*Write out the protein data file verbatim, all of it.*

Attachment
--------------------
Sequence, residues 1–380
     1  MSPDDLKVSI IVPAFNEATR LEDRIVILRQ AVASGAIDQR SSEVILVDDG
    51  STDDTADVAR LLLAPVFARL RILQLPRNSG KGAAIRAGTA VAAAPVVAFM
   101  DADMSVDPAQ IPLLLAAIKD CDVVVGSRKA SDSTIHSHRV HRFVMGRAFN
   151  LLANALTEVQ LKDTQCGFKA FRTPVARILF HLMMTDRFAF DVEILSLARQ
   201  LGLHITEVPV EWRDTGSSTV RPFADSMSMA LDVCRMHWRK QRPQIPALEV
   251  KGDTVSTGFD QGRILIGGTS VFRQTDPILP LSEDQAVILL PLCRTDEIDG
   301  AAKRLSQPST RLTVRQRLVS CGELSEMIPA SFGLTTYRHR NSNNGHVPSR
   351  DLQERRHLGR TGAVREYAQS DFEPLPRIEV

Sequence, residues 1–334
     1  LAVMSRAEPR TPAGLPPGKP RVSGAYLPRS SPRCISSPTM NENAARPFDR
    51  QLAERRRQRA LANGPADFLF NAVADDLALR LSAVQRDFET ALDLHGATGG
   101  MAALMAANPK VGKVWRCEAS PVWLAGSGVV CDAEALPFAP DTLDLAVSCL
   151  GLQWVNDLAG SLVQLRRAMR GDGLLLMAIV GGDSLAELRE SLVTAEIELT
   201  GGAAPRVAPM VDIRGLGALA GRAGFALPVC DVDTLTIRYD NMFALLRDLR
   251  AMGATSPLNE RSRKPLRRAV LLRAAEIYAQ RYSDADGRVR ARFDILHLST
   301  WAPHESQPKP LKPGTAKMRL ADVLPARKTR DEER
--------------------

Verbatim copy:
Sequence, residues 1–380
     1  MSPDDLKVSI IVPAFNEATR LEDRIVILRQ AVASGAIDQR SSEVILVDDG
    51  STDDTADVAR LLLAPVFARL RILQLPRNSG KGAAIRAGTA VAAAPVVAFM
   101  DADMSVDPAQ IPLLLAAIKD CDVVVGSRKA SDSTIHSHRV HRFVMGRAFN
   151  LLANALTEVQ LKDTQCGFKA FRTPVARILF HLMMTDRFAF DVEILSLARQ
   201  LGLHITEVPV EWRDTGSSTV RPFADSMSMA LDVCRMHWRK QRPQIPALEV
   251  KGDTVSTGFD QGRILIGGTS VFRQTDPILP LSEDQAVILL PLCRTDEIDG
   301  AAKRLSQPST RLTVRQRLVS CGELSEMIPA SFGLTTYRHR NSNNGHVPSR
   351  DLQERRHLGR TGAVREYAQS DFEPLPRIEV

Sequence, residues 1–334
     1  LAVMSRAEPR TPAGLPPGKP RVSGAYLPRS SPRCISSPTM NENAARPFDR
    51  QLAERRRQRA LANGPADFLF NAVADDLALR LSAVQRDFET ALDLHGATGG
   101  MAALMAANPK VGKVWRCEAS PVWLAGSGVV CDAEALPFAP DTLDLAVSCL
   151  GLQWVNDLAG SLVQLRRAMR GDGLLLMAIV GGDSLAELRE SLVTAEIELT
   201  GGAAPRVAPM VDIRGLGALA GRAGFALPVC DVDTLTIRYD NMFALLRDLR
   251  AMGATSPLNE RSRKPLRRAV LLRAAEIYAQ RYSDADGRVR ARFDILHLST
   301  WAPHESQPKP LKPGTAKMRL ADVLPARKTR DEER